The Achaians are suffering from plague; something has to be done.
Not counting the brief scene of Chryses's embassy, this is the opening situation of the first major scene in the Iliad, which sets the stage for all future conflict.
After his falling out with Agamemnon, Achilleus refuses to fight and the Achaians start getting killed. Not even the offer of gifts can turn him around.
You can think about pretty much everything from the beginning of the book up to Book 16 as part of the conflict stage, because it all emerges directly out of (and is the fulfillment of) Achilleus's prayers in Book 1.
Nestor suggests that Patroklos lead the Myrmidons, wearing Achilleus's armor. He does so and is killed.
Up until now, everything has been going according to Achilleus's plan. At this point, though, things go majorly off the rails.
Achilleus gets new armor, comes back to battle, kills lots of Trojans, then kills Hektor.
This moment marks the high point of the chain of actions initiated by Achilleus's refusal to fight for the Achaians. Everything that follows is due solely to Achilleus's own emotional state.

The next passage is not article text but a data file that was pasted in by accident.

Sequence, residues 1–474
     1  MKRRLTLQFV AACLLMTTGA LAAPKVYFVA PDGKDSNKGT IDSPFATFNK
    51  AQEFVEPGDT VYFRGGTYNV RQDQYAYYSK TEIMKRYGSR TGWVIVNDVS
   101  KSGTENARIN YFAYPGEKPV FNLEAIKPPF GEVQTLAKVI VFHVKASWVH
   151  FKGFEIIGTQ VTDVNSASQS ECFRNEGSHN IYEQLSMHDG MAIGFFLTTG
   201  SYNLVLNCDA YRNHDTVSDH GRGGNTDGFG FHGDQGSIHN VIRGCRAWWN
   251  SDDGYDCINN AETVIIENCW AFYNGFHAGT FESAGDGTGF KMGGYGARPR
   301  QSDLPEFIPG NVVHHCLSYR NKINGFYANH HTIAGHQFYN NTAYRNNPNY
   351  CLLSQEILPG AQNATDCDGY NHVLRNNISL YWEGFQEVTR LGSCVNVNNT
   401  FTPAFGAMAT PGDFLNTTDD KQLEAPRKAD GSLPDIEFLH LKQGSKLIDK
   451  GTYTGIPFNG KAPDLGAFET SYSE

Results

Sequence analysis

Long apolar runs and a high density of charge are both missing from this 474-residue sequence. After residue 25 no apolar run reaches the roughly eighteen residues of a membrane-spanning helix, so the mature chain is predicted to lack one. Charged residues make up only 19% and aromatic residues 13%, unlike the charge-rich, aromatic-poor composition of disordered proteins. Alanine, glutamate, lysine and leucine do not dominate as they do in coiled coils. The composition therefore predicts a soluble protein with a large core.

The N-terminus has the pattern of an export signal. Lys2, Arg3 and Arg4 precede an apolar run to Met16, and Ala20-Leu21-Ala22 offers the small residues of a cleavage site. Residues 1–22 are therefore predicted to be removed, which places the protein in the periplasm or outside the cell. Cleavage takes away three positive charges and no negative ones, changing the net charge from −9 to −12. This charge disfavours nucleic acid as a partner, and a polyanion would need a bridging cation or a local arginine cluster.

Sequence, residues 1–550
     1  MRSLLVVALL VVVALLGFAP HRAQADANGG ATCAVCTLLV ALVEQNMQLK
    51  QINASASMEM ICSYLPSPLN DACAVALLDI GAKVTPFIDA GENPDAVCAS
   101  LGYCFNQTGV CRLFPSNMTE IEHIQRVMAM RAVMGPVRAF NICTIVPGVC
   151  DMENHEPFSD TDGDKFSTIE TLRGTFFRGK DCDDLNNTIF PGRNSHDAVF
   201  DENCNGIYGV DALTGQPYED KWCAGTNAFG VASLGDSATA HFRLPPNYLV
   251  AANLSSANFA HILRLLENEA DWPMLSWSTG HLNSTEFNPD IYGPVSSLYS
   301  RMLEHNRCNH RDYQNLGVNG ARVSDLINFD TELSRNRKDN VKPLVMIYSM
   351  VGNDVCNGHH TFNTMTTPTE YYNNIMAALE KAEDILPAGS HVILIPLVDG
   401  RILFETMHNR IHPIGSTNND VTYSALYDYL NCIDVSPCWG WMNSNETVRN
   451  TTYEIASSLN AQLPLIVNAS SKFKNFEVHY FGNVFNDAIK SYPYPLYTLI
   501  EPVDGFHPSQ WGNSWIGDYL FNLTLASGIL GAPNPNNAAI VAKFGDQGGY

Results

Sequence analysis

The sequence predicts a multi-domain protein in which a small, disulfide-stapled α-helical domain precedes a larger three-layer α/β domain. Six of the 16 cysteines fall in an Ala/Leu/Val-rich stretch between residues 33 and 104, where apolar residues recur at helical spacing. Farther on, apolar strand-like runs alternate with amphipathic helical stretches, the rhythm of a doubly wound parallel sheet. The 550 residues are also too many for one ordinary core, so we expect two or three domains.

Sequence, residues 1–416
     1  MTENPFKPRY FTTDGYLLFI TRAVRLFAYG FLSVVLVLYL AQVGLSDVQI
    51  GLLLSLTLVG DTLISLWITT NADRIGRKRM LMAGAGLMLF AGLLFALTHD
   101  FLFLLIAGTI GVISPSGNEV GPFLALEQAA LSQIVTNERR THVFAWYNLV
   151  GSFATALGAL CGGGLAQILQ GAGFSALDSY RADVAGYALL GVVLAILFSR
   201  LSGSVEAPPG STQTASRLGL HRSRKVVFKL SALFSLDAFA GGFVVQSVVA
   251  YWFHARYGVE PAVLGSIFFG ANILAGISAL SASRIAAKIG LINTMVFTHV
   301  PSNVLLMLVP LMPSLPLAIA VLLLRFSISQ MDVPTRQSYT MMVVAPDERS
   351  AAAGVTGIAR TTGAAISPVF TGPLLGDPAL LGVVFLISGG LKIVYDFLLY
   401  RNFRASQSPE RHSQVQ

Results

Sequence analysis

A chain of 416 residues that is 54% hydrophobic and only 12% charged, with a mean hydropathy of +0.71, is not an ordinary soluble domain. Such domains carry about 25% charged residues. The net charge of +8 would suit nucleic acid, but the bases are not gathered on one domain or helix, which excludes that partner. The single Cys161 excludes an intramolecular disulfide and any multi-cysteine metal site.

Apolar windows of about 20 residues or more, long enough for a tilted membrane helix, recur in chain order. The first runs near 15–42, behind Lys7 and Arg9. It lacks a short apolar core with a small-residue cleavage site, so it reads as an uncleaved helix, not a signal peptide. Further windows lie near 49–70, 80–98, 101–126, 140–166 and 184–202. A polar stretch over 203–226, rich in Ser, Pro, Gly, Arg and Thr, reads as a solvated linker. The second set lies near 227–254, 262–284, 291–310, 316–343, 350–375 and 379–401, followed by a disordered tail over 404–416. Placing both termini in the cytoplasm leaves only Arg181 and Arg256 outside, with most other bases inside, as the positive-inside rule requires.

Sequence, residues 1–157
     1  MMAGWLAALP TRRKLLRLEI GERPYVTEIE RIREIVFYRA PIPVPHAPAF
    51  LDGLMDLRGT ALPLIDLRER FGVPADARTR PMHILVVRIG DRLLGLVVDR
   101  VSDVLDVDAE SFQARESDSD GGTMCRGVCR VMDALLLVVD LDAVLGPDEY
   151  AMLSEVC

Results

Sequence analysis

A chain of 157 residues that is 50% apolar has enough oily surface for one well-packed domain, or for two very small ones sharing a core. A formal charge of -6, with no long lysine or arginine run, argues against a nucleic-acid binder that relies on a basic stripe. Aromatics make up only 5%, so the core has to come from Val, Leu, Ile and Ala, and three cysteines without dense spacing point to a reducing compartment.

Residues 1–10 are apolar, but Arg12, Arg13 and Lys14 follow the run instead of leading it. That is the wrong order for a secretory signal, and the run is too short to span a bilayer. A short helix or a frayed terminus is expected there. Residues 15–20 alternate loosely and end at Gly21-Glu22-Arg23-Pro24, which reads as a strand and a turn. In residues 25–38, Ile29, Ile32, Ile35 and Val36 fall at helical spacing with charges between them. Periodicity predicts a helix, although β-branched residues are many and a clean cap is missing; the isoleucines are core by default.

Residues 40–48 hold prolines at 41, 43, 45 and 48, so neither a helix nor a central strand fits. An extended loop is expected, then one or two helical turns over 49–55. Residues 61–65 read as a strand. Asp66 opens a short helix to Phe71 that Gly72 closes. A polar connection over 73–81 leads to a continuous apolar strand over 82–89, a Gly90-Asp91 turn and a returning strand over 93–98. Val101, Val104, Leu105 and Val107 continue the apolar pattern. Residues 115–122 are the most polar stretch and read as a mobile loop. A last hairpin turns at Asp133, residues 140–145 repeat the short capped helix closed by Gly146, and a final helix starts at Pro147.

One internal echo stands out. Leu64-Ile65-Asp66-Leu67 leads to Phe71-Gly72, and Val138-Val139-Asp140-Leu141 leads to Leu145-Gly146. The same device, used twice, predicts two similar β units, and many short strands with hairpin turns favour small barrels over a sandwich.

Achilleus begins abusing the body of Hektor, which the gods will not permit to decay or be destroyed.
At this point, we are in a whole new ballgame, and we (and the gods) have no idea what Achilleus is going to do next—or when he will come back to sanity.
The gods take pity on Hektor and send Achilleus's mother Thetis to instruct him to give the body back. They also tell Priam to go ask for it. Priam goes to Achilleus's tent and they connect with one another as human beings, share a meal, and negotiate the surrender of the body.
This scene marks the true end of Achilleus's inhuman wrath. By sharing a meal with Priam, he marks his re-entry into the world of ordinary human relations.
The funeral of Hektor.
By showing us the reactions of Hektor's loved ones back in Troy, the poet lets us share in the emotional connection forged between Achilleus and Priam. This scene provides a vivid picture of the humanity of the Trojans, which we know will be violated when the city falls. At the same time, the image of the hero's funeral looks forward to the funeral of Achilleus, which we know will be coming from the constant foreshadowing of his death.